Tag Archives: government

Decisions, decisions

Earlier this evening a friend on Facebook posted the challenge:  “Favorite three TV shows of all time”  —

Go.

At first glance, I thought it an easy question.  Then I noticed the comments were few in number; many people had only listed one or two shows instead of the requested three.

After spending some time on the topic, now I understand why.

west wingMy first favorite was immediate and top of mind: The West Wing.  From episode one until the the drama drew its last breath, I was one of its biggest fans and most vocal supporters.  It’s what television — and government, for that matter — should be.

Jed Bartlet is still my president.

cheersMy second choice is more of a sentimental favorite.  I wrote my television programming  paper on Cheers as a freshman in college and rightly predicted that it was a comedy that had long legs.

I also watched Cheers — perhaps not with the same religious fervor as West Wing — but until its end.  And it was way cool to eventually live just a few blocks from the Boston bar that served as its inspiration.

My third choice was the hardest one. I watch a lot of television, a lot of great television — House of Cards, Orange is the New Black, Breaking Bad —
but I decided, if I was honest, I should choose the show that turned me into a schoolgirl fanatic:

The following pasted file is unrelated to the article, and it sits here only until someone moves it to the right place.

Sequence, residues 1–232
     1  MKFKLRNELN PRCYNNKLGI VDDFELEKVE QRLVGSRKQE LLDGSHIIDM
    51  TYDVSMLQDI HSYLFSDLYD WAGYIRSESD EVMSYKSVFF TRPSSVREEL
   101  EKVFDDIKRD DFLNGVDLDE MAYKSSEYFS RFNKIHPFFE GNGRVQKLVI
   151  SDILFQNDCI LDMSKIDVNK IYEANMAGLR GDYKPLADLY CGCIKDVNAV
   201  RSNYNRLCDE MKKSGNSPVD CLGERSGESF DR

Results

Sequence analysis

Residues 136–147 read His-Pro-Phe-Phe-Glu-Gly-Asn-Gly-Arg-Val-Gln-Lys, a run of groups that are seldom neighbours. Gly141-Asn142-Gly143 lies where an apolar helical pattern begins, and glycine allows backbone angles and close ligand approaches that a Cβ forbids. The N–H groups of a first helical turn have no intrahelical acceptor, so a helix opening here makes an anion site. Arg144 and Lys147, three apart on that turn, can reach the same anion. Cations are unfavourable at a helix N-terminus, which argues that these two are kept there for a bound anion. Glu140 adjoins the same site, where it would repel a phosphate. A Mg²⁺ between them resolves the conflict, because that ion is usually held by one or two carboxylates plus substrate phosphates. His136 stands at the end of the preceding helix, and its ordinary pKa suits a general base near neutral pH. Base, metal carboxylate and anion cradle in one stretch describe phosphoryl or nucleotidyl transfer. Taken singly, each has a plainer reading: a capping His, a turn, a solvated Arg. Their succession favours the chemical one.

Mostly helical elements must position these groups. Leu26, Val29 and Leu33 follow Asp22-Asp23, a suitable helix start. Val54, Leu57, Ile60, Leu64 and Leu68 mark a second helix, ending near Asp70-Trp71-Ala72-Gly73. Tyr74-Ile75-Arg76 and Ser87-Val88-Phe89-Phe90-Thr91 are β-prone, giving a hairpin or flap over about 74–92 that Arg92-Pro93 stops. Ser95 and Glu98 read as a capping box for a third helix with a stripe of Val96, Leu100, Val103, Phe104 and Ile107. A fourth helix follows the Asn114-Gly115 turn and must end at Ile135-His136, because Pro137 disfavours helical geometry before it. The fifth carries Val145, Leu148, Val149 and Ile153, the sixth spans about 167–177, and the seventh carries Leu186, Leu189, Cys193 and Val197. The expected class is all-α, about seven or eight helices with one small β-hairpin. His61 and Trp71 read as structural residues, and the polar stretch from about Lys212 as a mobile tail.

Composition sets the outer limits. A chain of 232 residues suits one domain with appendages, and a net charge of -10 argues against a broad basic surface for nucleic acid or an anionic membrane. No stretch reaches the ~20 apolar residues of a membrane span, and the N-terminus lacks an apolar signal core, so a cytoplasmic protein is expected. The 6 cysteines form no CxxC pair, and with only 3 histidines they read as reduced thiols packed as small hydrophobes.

downton_abbey_season2_Downton Abbey

I have the DVDs. And the hardback companion. And the bound scripts. And a couple of pictures on my office bulletin board.

Yeah, that probably qualifies as a favorite.

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Or we could fly a kite

So, Manhattan got four more inches of snow last night…on top of the eight that were already on the ground.

But the falling ice woke me up.

I don’t dwell on the weather too much — at least, not on this blog — but I have to wonder, as the local news reports power outages for thousands of residents yet again in New Jersey and other neighboring states —

ice on electrical wiresWhy don’t more cities bury their power lines?

Cost is probably the answer, but after a winter like this one — one that is not nearly over — I would think residents in New Jersey, for instance, might think of that cost as an investment.

Aren’t there lots of costs associated with fixing the downed lines after every storm? Trimming the trees around the downed lines? Lost productivity?  Lost revenue?

Lost food in the frig and freezer?

Just wondering.  I have electricity right now, and I think everyone else should, too.